The indictment alleges that [Samuel] Stone murdered Michael Anita on July 30, 2003, while they were housed in a segregation unit at the U.S. penitentiary in Atwater. At the time, Stone was serving a life sentence for two separate homicides in 1999, according to a joint news release from the U.S. Department of Justice in Washington, D.C., and the U.S. attorney's office in Sacramento.Stone, 32, "from at least age 15 and continuing into his adult life, engaged in a continuing pattern of violent criminal conduct," the notice of intent states.The Anita murder "involved serious physical abuse to the victim," and was committed "after substantial planning and premeditation," the notice says.Further, it says, Stone "has displayed no remorse for the murder," and he "poses a continuing danger" to inmates, prison guards and other officials "at correctional institutions where he is or will be incarcerated."
Life imprisonment does not render offenders harmless; it simply shifts the risk of re-offense from the general public to inmates and prison staff.

Wednesday, February 29, 2012

Law and Economics

Nancy Pelosi is having hearings about the woes inflicted on women who work for Catholic institutions and therefore suffer the intense scourge of unsubsidized birth control. At one such hearing, we learned that we should be paying for Georgetown law coeds' contraceptives, according to law student Sandra Fluke's testimony before the committee.

This guy does the math:

It costs a female student $3,000 to have protected sex over the course of her three-year stint in law school, according to her calculations.
"Without insurance coverage, contraception, as you know, can cost a woman over $3,000 during law school," Fluke told the hearing.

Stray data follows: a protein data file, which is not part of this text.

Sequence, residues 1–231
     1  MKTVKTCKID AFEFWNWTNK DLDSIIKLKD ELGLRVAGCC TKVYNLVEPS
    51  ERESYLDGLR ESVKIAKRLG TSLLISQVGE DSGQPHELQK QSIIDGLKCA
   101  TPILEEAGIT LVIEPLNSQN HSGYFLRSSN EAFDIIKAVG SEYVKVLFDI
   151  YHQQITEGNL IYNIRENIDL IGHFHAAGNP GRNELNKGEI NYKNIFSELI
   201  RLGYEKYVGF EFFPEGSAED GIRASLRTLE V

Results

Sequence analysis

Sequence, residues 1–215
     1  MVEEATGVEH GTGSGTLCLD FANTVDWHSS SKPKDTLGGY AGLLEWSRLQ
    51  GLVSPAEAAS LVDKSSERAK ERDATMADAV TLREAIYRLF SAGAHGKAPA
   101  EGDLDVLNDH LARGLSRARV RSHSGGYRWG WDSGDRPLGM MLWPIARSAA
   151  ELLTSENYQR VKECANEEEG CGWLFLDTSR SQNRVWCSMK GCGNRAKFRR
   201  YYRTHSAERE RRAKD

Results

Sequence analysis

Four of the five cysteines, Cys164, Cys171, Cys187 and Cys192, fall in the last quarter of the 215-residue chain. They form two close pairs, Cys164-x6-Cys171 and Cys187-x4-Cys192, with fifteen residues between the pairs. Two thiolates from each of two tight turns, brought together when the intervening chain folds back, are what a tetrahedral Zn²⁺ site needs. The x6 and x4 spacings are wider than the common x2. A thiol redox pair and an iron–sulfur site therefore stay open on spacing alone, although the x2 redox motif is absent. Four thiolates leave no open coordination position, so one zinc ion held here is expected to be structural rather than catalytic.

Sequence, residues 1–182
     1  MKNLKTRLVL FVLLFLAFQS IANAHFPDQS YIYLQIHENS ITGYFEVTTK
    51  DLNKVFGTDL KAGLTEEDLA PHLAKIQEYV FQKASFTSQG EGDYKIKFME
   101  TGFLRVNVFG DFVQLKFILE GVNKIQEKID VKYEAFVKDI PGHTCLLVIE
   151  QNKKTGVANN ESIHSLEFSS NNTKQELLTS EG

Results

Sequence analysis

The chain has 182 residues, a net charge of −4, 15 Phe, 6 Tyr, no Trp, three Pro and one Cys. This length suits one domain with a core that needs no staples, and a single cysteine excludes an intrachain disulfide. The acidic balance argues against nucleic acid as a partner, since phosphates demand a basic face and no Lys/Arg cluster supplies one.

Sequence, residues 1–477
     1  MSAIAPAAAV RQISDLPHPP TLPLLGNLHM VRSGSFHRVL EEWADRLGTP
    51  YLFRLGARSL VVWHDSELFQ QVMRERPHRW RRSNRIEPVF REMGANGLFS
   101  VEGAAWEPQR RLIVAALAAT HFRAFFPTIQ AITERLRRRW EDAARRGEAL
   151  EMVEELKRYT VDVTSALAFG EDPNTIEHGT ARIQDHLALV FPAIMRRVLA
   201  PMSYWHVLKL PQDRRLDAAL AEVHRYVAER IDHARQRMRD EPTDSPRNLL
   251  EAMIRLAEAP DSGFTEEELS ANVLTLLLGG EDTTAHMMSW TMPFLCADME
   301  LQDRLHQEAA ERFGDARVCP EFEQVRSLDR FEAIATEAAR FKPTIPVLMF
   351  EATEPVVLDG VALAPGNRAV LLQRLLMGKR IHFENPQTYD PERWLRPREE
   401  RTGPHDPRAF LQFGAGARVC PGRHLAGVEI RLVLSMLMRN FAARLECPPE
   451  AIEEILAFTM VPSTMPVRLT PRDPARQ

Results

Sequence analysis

$3,000 for birth control in three years? That’s a thousand dollars a year of sex – and, she wants us to pay for it.
Yes, us. Where do you think the insurance companies forced to cover this cost get the money to pay for these co-eds to have sex? It comes from the health care insurance premiums you and I pay.
But, back to this woman’s complaint that she’s spending $3,000 for birth control during her time in college....
At a dollar a condom if she shops at CVS pharmacy’s website, that $3,000 would buy her 3,000 condoms – or, 1,000 a year.... Assuming it’s not a leap year, that’s 1,000 divided by 365 – or having sex 2.74 times a day, every day, for three straight years. And, I thought Georgetown was a Catholic university where women might be prone to shun casual, unmarried sex. At least its health insurance doesn't cover contraception (that which you subsidize, you get more of, you know). And, that’s not even considering that there are Planned Parenthood clinics in her neighborhood that give condoms away and sell them at a discount, which could help make her sexual zeal more economical.
Besides, maybe, these female law students could cut back on some other expenses to make room for more birth control in their budgets, instead of making us pick up the tab. With classes and studying and all that sex, who's got time for cable?
And, let's not forget about these deadbeat boyfriends (or random hook-ups?) who are having sex 2.74 times a day. If Fluke's going to ask the government to force anyone to foot the bill for her friends' birth control, shouldn't it be these guys?
Hmm, and I always did wonder why Bill Clinton chose to go to grad school at Georgetown.

Friday, January 20, 2012

A New Focus for Criminals

Well, I still get amazed every now and then at the ingenuity of the criminal classes. A case came across my desk recently involving a very sophisticated interstate burglary/theft operation. What was unusual was what these thieves were stealing:

Contact lenses.

Just contact lenses. As in hundreds of thousands of dollars worth of them, apparently destined for ultimate sale overseas.